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CH 17.docx

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York University
PSYC 2110
Gillian Wu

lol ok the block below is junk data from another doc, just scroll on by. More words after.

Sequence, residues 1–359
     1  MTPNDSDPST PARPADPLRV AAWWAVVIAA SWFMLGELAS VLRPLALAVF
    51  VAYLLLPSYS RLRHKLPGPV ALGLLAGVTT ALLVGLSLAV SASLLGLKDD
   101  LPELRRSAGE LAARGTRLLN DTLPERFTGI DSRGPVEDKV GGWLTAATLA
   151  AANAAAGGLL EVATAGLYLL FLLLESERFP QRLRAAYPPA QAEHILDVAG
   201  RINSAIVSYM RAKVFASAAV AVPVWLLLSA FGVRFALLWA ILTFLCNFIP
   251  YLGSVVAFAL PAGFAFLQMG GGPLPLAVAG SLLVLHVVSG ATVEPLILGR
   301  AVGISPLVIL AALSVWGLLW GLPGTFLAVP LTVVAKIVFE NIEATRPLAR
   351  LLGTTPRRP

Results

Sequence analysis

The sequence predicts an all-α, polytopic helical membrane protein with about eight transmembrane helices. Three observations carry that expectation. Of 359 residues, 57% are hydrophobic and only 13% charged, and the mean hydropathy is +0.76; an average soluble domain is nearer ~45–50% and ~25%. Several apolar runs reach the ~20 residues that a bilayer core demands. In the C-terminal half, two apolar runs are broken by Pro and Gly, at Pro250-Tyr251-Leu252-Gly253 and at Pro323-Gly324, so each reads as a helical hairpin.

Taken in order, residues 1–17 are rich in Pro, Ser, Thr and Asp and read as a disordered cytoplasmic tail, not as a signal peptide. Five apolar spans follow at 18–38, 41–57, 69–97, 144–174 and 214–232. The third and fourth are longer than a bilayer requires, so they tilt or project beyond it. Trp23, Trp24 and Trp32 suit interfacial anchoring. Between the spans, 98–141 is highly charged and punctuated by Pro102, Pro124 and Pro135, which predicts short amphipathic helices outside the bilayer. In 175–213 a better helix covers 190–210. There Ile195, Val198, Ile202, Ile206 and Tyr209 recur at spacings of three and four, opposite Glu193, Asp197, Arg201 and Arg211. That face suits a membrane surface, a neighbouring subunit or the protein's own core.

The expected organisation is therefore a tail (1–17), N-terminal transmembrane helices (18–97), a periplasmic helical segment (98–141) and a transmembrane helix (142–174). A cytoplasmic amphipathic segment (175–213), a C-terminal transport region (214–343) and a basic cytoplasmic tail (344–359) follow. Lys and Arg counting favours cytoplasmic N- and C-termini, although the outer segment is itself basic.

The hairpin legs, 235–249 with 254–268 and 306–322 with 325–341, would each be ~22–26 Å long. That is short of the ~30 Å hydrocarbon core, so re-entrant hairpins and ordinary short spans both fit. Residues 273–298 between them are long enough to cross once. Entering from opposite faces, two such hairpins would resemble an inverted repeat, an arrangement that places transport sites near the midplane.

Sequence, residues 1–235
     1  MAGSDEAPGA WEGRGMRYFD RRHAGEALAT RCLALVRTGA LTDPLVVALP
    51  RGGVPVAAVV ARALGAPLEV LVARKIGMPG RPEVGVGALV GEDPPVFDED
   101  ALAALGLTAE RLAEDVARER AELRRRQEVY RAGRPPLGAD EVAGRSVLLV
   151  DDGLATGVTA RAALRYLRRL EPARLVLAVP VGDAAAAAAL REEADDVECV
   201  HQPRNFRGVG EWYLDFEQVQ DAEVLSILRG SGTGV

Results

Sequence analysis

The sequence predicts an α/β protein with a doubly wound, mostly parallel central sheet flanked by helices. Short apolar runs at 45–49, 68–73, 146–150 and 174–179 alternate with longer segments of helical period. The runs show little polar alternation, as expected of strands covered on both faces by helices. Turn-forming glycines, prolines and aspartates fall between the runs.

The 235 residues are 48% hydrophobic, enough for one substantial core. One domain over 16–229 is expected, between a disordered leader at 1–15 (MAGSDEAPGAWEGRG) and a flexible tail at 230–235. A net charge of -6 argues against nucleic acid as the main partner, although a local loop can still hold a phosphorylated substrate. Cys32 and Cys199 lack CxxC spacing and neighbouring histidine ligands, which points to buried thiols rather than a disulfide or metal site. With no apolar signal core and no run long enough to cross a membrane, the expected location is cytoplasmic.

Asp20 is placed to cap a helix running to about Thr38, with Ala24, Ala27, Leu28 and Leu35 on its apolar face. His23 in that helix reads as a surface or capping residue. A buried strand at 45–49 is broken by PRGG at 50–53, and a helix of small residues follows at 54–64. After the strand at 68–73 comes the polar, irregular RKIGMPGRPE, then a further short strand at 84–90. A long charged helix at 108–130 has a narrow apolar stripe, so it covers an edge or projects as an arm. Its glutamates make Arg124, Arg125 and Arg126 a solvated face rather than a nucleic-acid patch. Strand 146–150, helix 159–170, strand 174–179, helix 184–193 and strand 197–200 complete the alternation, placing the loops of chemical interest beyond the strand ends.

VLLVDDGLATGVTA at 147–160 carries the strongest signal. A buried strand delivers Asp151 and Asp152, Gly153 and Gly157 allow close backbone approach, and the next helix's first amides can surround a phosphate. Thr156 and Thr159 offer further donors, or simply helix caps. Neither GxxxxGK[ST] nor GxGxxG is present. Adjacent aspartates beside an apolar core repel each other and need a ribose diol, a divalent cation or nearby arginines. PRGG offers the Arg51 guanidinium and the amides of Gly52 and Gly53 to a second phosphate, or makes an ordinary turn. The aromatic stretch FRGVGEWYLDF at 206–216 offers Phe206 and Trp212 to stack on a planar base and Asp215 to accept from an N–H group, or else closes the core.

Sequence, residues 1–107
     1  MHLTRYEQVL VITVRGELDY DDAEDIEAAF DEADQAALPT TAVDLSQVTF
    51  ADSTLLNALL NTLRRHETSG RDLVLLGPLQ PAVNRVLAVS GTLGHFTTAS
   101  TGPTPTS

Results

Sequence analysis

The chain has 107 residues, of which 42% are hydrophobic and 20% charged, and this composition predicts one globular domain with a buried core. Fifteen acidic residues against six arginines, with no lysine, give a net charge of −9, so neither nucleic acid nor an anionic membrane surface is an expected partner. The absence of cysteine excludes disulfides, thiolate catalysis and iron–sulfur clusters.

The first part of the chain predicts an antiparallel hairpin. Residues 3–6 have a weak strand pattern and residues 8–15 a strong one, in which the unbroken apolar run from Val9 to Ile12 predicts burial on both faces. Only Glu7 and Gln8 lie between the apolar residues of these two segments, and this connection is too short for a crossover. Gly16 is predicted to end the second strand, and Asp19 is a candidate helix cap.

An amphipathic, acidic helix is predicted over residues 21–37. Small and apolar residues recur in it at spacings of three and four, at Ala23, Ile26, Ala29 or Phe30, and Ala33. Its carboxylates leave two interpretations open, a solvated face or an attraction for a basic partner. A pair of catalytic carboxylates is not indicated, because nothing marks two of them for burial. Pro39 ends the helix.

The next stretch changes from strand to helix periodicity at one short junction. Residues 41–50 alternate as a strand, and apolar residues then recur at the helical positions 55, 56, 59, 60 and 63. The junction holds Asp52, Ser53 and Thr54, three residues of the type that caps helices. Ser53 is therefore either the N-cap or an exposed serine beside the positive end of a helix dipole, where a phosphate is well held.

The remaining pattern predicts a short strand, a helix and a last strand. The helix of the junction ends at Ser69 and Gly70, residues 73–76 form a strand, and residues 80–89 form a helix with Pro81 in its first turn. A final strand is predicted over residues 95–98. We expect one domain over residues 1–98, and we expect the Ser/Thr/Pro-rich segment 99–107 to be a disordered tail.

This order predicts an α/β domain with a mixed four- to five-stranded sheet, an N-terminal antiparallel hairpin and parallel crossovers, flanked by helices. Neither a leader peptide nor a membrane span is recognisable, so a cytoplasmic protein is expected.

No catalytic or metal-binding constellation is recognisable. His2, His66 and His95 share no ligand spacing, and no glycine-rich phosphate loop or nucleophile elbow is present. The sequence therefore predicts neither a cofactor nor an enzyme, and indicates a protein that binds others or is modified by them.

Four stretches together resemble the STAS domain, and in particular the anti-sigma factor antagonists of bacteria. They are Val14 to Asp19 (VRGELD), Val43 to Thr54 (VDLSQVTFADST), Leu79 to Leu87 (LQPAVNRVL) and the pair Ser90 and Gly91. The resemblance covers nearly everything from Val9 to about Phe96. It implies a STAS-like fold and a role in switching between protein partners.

CH 17: EXTRAFAMILIAL INFLUENCES: TV, COMPUTERS, SCHOOL AND PEERS  Extrafamilial influence: social agencies other than the family that influence a child’s ABC development EFFECTS OF TV ON CHILD DEV  In moderate doses, TV has not shown to cause a decline on a child’s cognitive or social dev; what is more important is what the children are watching and if they interpret what they see DEVELOPMENT OF TV LITERACY  TV literacy: refers to a person’s ability to understand how info is conveyed on TV – this includes processing the content of a show (understanding the story line), and interpreting the form of a message on the show (like how the sound effects and zooms are used to understand the content)  2 year olds show a video deficit: they learn less from TV models then from human interaction  Children younger then 8-9 enjoy TV for the zooms, loud noise and fast-paced axn – they will turn away when they see adults or a quiet setting SOME POTENTIALLY UNDESIRABLE EFFECTS OF TV  Children and adolescence who watch a lot of violent TV are more likely to be aggressive and hostile among their peers  The effect of the violence and TV is also reciprocal, so by being more aggressive, these children are also more likely to continue watching more violent TV (which promotes further aggression)  Mean-world beliefs: children that watch violent TV, and are not aggression can end up having this belief – view the world as a violent place inhabited by ppl who rely on aggressive solns to solve their interpersonal problems  Children are also desensitized to violence when they watch violent TV – so they are more tolerable to real life aggression  Read about the next effect on slide 8-10 How to reduce the harmful effects of TV  Parents should monitor what their child watches: try to interest them in watching prosocial and educational shows  Watch TV with your child (normally parents only watch TV with their kids when they watch the news or sports, so you should watch with them when their watching an action show TELEVISION AS AN EDUCATIONAL TOOL  Refer to slides 11-14 CHILD DEV IN THE COMPUTER AGE COMPUTERS IN THE CLASSROOM  Refer to slide 18  Example CAI programs include drills that start with a students current skill level and builds from what the student knows to get to higher levels  There are also guided tutorials CAI – children play highly motivated games to discover important concepts or principals o Using both the drills and tutorials has shown to lea children to increasing their math and reading skills, even at elementary school levels  Students can also use the computer to increase their writing/grammatical skills, since they are more inclined to edit their work when they type it vs. when they hand write it  University students have online courses which encourage them to participant in the class, even when their too shy to engage in public speaking  Computers are not shown to make students socially unskilled; it actually promotes peer interaction BEYOND THE CLASSROOM: BENEFITS OF INTERNET EXPOSURE  Using a computer at home can lead to increased reading skills  Online communication with friends promotes closer r/s – ppl free more free to say things online then to say things face-to-face  Adolescence can used the net to get info on health related aspects, like sex and sexual risks CONCERNS ABOUT COMPUTER TECHNOLOGY  Concerns about video games – refer to slide 19  Concerns about social inequality: at one pt boys were more likely to use computers than girls were; this is not the case any more  Children that visit porn sites are more likely to think of sex as just recreation and are more likely to objectify women  Other concerns include the net being the primary way of recruitment for hate organizations/cults  Cyberbullying is also increasing and can be worse then face-to-face bullying SCHOOL AS A SOCIALIZATION AGENT  Intellectual performance is in part based on the amount of schooling a student has – not based solely on the child’s age DETERMINANTS OF EFFECTIVE SCHOOLING  Effective school: one that promotes academic achievement, social skills, politeness, good behaviours, low absence, etc o Overall, some schools are shown to be more effective then other schools Factors that influence effective schooling  If a school has a higher concentration of students that are more motivated to learn  School climate: including how safe students feel and how much support students receive from school personnel  Read what promotes academic achievement on slide 24 The “Goodness of Fit” bw students and schools  Aptitude-treatment interaction (ATI): where characteristics of the student and the school environment interact to affect student outcomes – a given educational practice for some students may not be effective w. others  Individualistic children are more likely to be engaged by fast-paced individual learning; whereas children from collectivistic cultures likely benefit and enjoy working when they are working in groups  If there is a mismatch b/w ones school environment and their developmental needs, the child can loose interest in academics (which is sometimes seen in the transition to secondary school) DO OUR SCHOOLS MEET THE NEEDS OF ALL OF OUR CHILDREN? Educational Experience of Ethnic minorities  Blacks, Latin’s and aboriginals are shown to underperform Americans  Asian’s are likely to over perform Americans o Why?  Parental attitude: Minority parents are less knowledgeable and less involved in school sponsored activities – this leads children to thinking that school is not very important o But when minority parents are involved their children are more confident abt school and seem to do better  Parent-Peer Influences: Academic success is associated w. authoritative parenting; but this can be undermined if ones peers devalue academics – i.e. Black peers that devalue school will put pressure on the others even if they receive adequate parenting o Asians actually foster from the authoritarian approach, since their parents also put emphasis on school and have high standards  Teacher Expectancies: teachers bring stereotypes to their teaching that can lead to some students getting a better classroom experience than others Educating students with special needs – on a slide 25 HOW WELL EDUCATED ARE OUR CHILDREN? A CROSS-CULTURE COMPARISON  They are large difference among the world with children's math, reading and other school subjects  Cross-culturally, children have similar IQ’s when they enter school and perform equally well on info tests that don’t cover topics discussed in school o Why the large gap b/w Asians and Americans in school then?  Classroom instructions: Asians attend school for longer hours, and use more class-time “on-task” than Americans  Parental involvement: Asian parents are committed to the educational process and even when their children excel, they are still less satisfied with the child’s performance than Americans; they also have more communication w. teachers whereas Americans generally only communicate w. teachers during parent-teacher conferences  Student involvement: Asians are assigned/complete more hw  Strong emphasis